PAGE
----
History is replete with cruel ironies. One of them concerns the great Mohammad Ali Jinnah who started his political career in the Indian National Congress and worked for more than a decade for Hindu-Muslim brotherhood, but ended up as the Governor-General of Pakistan, formed on the basis of the two-nation theory advocating that the Muslims were a separate nation as distinct from the Hindus.
Whether he subscribed to this theory truly or not, he attempted to make use of this as a counterpoise to the Congress leader’s, especially Gandhiji’s, popularity with the masses. When he left New Delhi to assume the august office of the Governor-General of the Dominion of Pakistan, he did not look as happy as he should have been. Throwing his last glance at Delhi before his plane finally took off, he murmured, “I suppose this is the last time I’ll be looking at Delhi.” These words proved prophetic as he died a year later on September 11, 1948.
During his flight to Karachi, his companions did not see any flush of brightness or emotion on his face. He had been as cold and blunt as he had been for about last two decades after the death of his beloved wife, Ruttie, in February 1929. The cries of Pakistan Zindabad and Quaid-e-Azam Zindabad by the great mass of humanity, who had gathered at the airport to greet him, did not lift up his drooping spirits.
He rode through the streets of Karachi with extraordinary impassivity. Only as he walked slowly up the steps of the Government House, his future official residence, his face seemed to glow for just an instant. Pausing to catch his breath at the top of the stairs, he whispered to his ADC, Syed Ahsan, “I never expected to see Pakistan in my lifetime.” Perhaps, he never wanted it seriously and when it suddenly came, it was a great shock. Then who created Pakistan? It was most probably the British bureaucracy which embarked upon the slow and steady rise of communalism, running as a close parallel to the gathering momentum of nationalism, must be traced to the close of the nineteenth century.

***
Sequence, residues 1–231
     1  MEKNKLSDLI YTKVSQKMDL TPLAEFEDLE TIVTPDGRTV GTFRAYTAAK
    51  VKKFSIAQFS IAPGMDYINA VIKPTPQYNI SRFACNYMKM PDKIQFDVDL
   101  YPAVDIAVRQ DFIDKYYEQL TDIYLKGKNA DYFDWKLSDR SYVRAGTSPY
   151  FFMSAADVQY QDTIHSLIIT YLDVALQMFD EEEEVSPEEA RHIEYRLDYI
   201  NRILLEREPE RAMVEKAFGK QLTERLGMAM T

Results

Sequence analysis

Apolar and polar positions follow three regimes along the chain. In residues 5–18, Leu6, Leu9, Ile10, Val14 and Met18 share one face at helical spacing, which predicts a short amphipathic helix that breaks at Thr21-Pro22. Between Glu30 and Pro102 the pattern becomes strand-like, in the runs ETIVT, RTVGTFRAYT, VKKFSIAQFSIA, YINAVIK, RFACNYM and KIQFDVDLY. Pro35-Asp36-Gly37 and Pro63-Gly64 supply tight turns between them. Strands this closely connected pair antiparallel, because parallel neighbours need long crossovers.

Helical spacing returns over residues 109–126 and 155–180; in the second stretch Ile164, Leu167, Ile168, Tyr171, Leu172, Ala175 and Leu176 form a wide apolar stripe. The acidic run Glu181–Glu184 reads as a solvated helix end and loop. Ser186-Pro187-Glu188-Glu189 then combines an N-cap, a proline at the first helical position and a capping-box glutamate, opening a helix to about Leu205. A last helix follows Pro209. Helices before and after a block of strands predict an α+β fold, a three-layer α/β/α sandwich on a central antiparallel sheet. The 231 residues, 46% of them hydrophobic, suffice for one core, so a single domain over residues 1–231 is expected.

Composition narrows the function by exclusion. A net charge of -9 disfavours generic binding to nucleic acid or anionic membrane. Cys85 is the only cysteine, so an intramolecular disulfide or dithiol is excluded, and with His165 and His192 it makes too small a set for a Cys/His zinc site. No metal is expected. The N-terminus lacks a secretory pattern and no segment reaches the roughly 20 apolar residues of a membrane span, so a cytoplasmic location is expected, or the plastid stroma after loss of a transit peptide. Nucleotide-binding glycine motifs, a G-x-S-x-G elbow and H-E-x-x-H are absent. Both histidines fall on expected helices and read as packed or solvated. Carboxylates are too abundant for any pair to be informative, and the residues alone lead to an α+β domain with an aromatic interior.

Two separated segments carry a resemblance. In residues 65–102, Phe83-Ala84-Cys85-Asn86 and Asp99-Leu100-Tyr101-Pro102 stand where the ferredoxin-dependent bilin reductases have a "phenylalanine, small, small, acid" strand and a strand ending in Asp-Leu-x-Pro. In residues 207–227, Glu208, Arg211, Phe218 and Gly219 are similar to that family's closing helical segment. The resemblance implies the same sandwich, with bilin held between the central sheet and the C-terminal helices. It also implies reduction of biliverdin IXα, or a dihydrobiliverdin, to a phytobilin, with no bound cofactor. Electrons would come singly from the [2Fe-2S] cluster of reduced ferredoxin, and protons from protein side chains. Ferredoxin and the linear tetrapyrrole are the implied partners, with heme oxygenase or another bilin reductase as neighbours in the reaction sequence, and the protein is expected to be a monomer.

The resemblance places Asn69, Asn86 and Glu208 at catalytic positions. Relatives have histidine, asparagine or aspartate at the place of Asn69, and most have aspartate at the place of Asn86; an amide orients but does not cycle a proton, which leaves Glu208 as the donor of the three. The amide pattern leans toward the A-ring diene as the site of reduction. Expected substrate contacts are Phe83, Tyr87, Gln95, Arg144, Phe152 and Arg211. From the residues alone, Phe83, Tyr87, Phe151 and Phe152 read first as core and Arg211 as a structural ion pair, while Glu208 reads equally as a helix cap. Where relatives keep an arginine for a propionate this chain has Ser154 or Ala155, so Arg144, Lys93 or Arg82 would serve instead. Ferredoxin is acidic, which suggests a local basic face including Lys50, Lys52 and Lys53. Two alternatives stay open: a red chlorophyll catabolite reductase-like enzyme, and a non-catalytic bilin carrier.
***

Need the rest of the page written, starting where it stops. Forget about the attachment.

This destructive force was bound to pose a big threat not only to the national movement but the very unity of India, a concept which brought leaders of stature together and which they wanted to achieve through the trials and sacrifices of the freedom struggle.
Thus, the concept of Pakistan was not a new-fangled one but was being nurtured in the subconsciousness of leaders of the Muslim League and of those of the ilk who subscribed to the theory of a theocratic nation—a nation built on the basis of religion. Mohammad Ali Jinnah, the first Governor-General of Pakistan, was, in fact, presiding over a dream come true, nurtured assiduously in the minds,
Mohammad Ali Jinnah, the first Governor-General of Pakistan, was, in fact, presiding over a dream come true, nurtured assiduously in the minds, words, and deeds of Muslims who felt they would be better off if they could carve out of the subcontinent a state where Muslim subjects would be ruled by Muslim rulers.